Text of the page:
Tetzel then wrote a second Theses which moved the arena into the halls of the Vatican instead of simply against him and selling indulgences. His theses was meant to herald the loyal Catholics together for battle against Luther. When Luther heard of the theses, he called a student meeting outside the university to burn the theses. The news of this act spread through all Germany. In all this, Tetzel and Wimpina simply widened the breach already present and aggravated the circumstances that surrounded the unity of the church. As a result, those of higher rank in the Catholic Church disdained Luther all the more.

History Of The Reformation Of The Sixteenth Century: Book 3, Chapter 9

When Sylvester Mazzolini of Prierio (or Prierias for short) read the ninety-five Theses of Luther, was commissioned by Pope Leo X to write against it. This was an official commission and censure against Luther. The issue now at stake was “What is the authority of the Church: the Bible or the Pope?” Prierias contended that the Scriptures could only be understood as they are interpreted by the Pope, and Luther contended that the Scriptures are the rule by which the Pope himself should be ruled. The papacy has no right to stand over the Word of God, but in subjection to it. This is the heart and crux of every debate within apologetically dealing with Rome.

While Luther debated Prierias, another monk by the name of John Hochstraten, an inquisitor in Cologne, the one who opposed Reuchlin, now attempted to oppose Luther. However, Hochstraten would not be as nearly as formidable as Dr. John Eck of Ingolstadt. Eck wrote against the 95 Theses saying that he found it to be strewn with error. His reply to Luther’s Theses was called the Obelisks. Eck was an old friend of Luther, and as a result of his malicious attacks in the document, Luther was saddened. However, Eck wrote a letter to Carlstadt apologizing for the document reaching Luther, which was not his intention.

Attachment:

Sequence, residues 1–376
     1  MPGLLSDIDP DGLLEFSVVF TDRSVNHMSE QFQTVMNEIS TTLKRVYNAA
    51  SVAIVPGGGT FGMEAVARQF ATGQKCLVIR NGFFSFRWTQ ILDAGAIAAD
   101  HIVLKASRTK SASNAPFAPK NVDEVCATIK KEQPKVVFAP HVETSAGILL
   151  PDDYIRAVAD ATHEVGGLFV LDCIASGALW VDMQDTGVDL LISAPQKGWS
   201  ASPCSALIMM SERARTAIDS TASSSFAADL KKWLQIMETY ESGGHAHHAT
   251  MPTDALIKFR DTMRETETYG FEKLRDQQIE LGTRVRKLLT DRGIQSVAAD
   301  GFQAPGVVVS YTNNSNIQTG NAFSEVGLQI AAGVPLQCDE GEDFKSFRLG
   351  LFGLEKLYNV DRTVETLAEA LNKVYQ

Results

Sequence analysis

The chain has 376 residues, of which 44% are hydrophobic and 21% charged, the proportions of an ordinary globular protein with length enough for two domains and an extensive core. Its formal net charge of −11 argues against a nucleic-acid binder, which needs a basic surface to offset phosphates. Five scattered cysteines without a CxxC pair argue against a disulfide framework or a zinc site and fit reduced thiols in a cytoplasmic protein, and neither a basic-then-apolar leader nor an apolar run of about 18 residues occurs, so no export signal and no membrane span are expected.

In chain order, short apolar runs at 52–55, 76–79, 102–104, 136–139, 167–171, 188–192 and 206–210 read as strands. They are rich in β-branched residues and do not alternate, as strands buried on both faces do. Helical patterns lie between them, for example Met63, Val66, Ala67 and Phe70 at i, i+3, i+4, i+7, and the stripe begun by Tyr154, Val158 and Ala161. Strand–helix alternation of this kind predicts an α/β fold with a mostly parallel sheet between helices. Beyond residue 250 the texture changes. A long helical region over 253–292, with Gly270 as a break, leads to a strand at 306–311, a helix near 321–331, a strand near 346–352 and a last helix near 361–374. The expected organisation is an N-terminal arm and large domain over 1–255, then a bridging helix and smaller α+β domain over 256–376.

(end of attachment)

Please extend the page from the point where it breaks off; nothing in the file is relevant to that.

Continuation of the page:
Luther replied to Eck’s Obelisks with his own Asterisks. This was not circulated publicly until long afterward, but was given to his friends to peruse. The disagreement between these two great theologians made headline news all through Germany. Scheurl tried to have these two men reconcile, but Eck would not respond to his gracious letters. It seemed as though the time for reconciliation was over.

History Of The Reformation Of The Sixteenth Century: Book 3, Chapter 10

Luther’s early struggles were to be expected with such a great rift between his Protestantism and the Roman see. Yet, even in the midst of the struggles, he was constant to write and preach that the Scriptures would edify the people of God, the student and laymen of the church. He did this through his expositions of the Lord’s Prayer and the continued plea for people to rest on the forgiveness of sin only found in Christ, and not in “good works.”